TORONTO (Reuters) - The Canadian dollar touched a new two-year high against the greenback on Thursday before slipping in the wake of a slew of U.S. data that indicated an acceleration in growth during the second quarter.
The Canadian dollar rallied on Wednesday after the U.S. Federal Reserve issued a more dovish policy statement that left interest rates unchanged but addressed concerns about weaker inflation more explicitly than in the past.
The Fed’s tweaked language on inflation sparked investor concerns about U.S. economic growth and drove the U.S. dollar index .DXY, which measures the currency against six key counterparts, to a 13-month trough.
U.S. data on Thursday showed that while new orders for key U.S.-made capital goods unexpectedly fell in June, shipments increased for a fifth straight month. Other data showed a sharp narrowing in the goods trade deficit last month and increases in both retail and wholesale inventories.
At 9:29 a.m. EDT (1329 GMT), the Canadian dollar CAD=D4 was trading at C$1.2482 to the greenback, or 80.12 U.S. cents, down 0.3 percent. The currency traded between C$1.2414, its strongest level since late June 2015, and C$1.2496.
Analysts are skeptical the Canadian dollar will be able to strengthen much further, with expectations the Bank of Canada will raise interest rates one more time this year already fully priced into the market. With a lack of domestic drivers this week, the currency has taken its cues from the U.S. dollar.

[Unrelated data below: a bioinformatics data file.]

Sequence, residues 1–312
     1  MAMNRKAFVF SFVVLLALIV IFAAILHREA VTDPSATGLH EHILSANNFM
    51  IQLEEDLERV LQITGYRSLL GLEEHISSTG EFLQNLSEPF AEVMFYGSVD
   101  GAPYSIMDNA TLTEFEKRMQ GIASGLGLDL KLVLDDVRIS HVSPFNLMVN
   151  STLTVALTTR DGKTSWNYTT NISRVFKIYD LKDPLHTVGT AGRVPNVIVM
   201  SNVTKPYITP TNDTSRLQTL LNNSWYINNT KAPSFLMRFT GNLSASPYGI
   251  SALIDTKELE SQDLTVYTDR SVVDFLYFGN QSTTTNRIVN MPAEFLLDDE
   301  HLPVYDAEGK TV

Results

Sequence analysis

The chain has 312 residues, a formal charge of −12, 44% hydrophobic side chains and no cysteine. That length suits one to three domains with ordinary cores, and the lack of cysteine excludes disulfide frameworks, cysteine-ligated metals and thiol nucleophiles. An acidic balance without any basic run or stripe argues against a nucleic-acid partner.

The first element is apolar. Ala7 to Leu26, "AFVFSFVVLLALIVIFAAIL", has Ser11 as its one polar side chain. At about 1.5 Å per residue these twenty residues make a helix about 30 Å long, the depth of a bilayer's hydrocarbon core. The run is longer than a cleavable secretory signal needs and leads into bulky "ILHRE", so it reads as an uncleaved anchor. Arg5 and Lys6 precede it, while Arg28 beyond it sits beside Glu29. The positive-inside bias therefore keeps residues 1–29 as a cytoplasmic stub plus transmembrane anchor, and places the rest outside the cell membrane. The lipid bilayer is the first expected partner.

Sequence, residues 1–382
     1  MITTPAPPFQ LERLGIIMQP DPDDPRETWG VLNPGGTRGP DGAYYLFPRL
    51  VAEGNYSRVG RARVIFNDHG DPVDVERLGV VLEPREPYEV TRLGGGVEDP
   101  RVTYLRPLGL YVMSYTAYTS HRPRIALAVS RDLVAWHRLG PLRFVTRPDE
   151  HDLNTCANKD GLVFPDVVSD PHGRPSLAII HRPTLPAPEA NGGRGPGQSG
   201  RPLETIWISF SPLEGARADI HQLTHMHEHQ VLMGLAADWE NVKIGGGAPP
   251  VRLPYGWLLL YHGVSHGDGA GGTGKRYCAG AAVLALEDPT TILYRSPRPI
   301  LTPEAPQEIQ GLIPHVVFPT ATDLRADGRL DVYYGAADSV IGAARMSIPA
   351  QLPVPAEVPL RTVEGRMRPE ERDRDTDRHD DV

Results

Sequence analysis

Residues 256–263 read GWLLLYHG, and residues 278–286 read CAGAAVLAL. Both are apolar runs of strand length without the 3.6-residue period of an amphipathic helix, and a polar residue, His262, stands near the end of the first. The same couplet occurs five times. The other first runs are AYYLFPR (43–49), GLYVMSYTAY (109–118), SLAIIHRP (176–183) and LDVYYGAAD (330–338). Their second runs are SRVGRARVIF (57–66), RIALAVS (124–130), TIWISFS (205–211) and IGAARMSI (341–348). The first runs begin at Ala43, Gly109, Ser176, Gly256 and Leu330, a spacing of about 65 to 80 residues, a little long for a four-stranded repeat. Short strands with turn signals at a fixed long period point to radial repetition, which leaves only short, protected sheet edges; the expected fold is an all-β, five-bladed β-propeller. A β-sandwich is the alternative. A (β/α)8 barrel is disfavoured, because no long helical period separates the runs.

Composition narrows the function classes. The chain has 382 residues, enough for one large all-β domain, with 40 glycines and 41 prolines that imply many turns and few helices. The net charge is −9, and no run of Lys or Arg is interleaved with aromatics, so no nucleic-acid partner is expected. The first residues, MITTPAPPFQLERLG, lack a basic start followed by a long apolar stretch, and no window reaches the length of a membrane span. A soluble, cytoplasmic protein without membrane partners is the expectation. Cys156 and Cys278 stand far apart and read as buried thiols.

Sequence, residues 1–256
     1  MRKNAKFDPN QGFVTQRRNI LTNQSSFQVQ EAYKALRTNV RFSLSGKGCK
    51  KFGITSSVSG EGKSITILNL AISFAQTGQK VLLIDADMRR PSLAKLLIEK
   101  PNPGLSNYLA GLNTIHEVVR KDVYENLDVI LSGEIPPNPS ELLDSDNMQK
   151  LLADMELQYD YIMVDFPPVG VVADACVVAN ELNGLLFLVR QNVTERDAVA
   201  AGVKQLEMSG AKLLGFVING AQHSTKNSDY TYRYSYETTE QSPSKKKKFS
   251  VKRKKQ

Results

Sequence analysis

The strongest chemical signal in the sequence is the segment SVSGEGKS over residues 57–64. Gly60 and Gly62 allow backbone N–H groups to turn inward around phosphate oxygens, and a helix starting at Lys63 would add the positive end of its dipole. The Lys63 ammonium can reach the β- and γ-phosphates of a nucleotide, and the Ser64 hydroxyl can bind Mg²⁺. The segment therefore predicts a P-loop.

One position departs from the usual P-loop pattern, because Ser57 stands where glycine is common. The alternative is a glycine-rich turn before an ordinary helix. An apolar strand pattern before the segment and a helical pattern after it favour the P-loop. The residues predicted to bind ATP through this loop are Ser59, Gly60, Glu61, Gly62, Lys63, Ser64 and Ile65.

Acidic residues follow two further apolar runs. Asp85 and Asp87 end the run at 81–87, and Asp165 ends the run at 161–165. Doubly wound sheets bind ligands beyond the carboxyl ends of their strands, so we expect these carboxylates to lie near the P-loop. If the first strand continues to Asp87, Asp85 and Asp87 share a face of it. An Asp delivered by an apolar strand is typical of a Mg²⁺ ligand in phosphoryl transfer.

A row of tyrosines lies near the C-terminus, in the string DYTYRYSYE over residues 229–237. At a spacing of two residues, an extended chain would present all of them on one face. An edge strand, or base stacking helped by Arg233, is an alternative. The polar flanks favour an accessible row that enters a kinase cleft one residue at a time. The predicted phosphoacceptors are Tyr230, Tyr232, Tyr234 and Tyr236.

A combination of a soft greenback, strong Canadian economic data and rate hike expectations have propelled the loonie some 10 percent higher over the last three months.
Prices of oil, a key Canadian export, have also climbed to near eight-week highs, though analysts note that the traditional correlation between the currency and oil has broken down recently.
Canadian government bond prices were mixed across the maturity curve, with the two-year CA2YT=RR price flat to yield 1.292 percent and the benchmark 10-year CA10YT=RR falling 5 Canadian cents to yield 1.974 percent.
The Canada-U.S. two-year bond spread stood at -7.5 basis points, while the 10-year spread was at -34.2 basis points.
Reporting by Solarina Ho; Editing by Paul Simao